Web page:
I think one of the best pieces of advice on church planting success I’ve heard came from Steve Sjogren. He said “If you are a church planter, don’t so much read about leadership… just do it!! “ I agree.
I believe we all understand the importance of leadership but the truth is, in church planting, initially you don’t have a lot to lead. When you begin a church pay close attention to the quality of your execution above all else.
I believe in planning and being strategic in a big way. Planning pays off for planting, but your success is going to depend upon how nimble you are on your feet. I am convinced that most planting success comes from learning to capitalize on the serendipitous. Planting success is about creating opportunities and seizing them quickly.
I am working on a plant in Orlando, Florida as I write. One of my assignments is to find the best zip codes for our vision. This is not an easy task. I do know movement is the only thing that will get you to success. Research is vital. But in the final analysis, breathing deep and launching out there is the pathway to success.
I don’t know many people who see their actual planning documents as fully workable. Really successful leaders understand that planning is fluid, flexible. If you have a team that demands rigid adherence to the plan get a new one! Plan like a maniac, but at the same time hold loosely to the plan and keep focused on the aims.
With my first plant we actually began in the wrong area. It was a highly affluent neighborhood that had not been spiritually prepared. The principalities and powers were strong in their resistance. We just couldn’t break the 100 Barrier after two years. Then another group sought us out about merging churches. Now trust me, mergers rarely work. But in our case it was a serendipitous move that proved vital.
We ended up relocating to a neighboring suburb that was well prepared for an awakening and we saw one. I had to scrap my plan and humbly grasp a new direction for the group. Our aim was clearly to reach as many pre-Christian people as we could and see them become transformational people.
Execution is more important than planning, in my opinion. You have to at some point just do it. And be ready to correct your course. I advise planters to plan, plan, plan, and then put their planning documents aside and start DOING. I have often seen poor planners who were great at execution and have strong intuitive skills do better at planting than extraordinary planners.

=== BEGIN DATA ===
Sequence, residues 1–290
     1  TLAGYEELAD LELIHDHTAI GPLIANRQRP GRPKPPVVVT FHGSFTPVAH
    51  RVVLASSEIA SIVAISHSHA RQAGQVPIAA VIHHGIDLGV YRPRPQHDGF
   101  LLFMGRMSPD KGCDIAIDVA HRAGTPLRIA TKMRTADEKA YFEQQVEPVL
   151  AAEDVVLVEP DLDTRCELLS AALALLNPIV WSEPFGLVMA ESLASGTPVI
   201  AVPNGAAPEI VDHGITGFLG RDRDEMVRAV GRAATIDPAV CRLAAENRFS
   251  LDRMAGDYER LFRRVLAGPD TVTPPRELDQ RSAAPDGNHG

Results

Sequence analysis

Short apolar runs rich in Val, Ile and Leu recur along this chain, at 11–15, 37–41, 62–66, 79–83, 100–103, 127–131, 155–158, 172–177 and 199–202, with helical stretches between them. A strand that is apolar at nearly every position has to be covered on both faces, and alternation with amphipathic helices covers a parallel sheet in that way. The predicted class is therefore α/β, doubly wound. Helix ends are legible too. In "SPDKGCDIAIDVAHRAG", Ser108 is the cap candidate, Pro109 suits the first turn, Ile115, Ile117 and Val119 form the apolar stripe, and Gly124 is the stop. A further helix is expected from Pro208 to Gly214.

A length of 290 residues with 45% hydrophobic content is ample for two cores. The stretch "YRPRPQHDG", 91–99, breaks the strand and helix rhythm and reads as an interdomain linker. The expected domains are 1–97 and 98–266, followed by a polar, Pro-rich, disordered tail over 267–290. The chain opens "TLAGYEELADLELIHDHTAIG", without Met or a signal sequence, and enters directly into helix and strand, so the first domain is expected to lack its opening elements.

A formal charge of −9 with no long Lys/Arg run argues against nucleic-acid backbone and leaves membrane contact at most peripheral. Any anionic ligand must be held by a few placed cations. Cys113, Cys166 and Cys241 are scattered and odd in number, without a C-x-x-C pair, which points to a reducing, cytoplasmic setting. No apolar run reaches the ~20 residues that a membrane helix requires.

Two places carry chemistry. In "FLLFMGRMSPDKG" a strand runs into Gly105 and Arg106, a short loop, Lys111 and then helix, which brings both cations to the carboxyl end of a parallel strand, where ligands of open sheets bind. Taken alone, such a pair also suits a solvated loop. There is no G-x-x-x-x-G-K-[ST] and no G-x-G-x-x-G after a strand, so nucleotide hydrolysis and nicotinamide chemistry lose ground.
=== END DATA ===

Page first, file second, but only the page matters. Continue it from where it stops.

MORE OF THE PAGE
Planting is like riding a bike. There is little to keep you upright if you are not in movement.
Execution has to be pressed even when things look unclear. The pieces will come together at some juncture if you execute well. Next to skills at fund raising, I think the ability to grab open doors is the most vital skill needed for successful planting.
I find that people who act in the face of ambiguity do better than those who demand too much clarity. Acting by faith means sometimes acting in partial blindness. Living with lose ends is one thing but living boldly in the face of loose ends is another. The latter is the formula for greater success.
Let me again emphasize that much of my ministry is helping teams write strategic plans. It is vital. But being a good planner will say only a little about your success. Execution in faith is the vital skill needed to see an effective plant.
Doing whatever you do with excellence and boldly is necessary.
When I was just beginning the ministry I had the chance to be part of an outreach in Germany. Corrie Ten Boom led one of the training sessions. She took out a tapestry as though we were in a Sunday school class. She flipped it around to the backside of the craft piece. There were only loose threads hanging in a confused fashion. There was no apparent reason or pattern to the tapestry. She said, “this is your life from your perspective often.” And then she flipped the artwork around to the image side and it was a beautiful tapestry of the disciples on the Sea of Galilee. She said, “This is your life from God’s perspective. Act on his view and trust him boldly and you will change the world.”
I have an extraordinary set of plans for our new plant. I am good at it. But I know as good as our planning is our success will depend upon passionate, bold, nimble execution at every phase. And success will require adjusting the course when opportunities arise. Those who plan well and work hard create opportunities. One could say that successful planters execute so well they create surprising avenues for progress and success.
What does this pattern look like:
- Work hard.
- Work boldly.
- Work watchfully.
- Seize opportunities
- Rewrite you strategic details often.
- Develop a nimble team who thrive on the unexpected.
Vital skills necessary for success:
- Great planning.
- Great boldness and faith.
- Great eyes for open doors.
- Great sense of execution. Doing what you plan well. In other words is vital.
- The ability to respond nimbly to course adjustments.
- The ability to stay focused on aims rather than just the details of a plan.
Again, Steve is right on. It’s all about DOING the work, not just planning. In fact, one is better served to be in action mode rather than planning mode if you had a choice.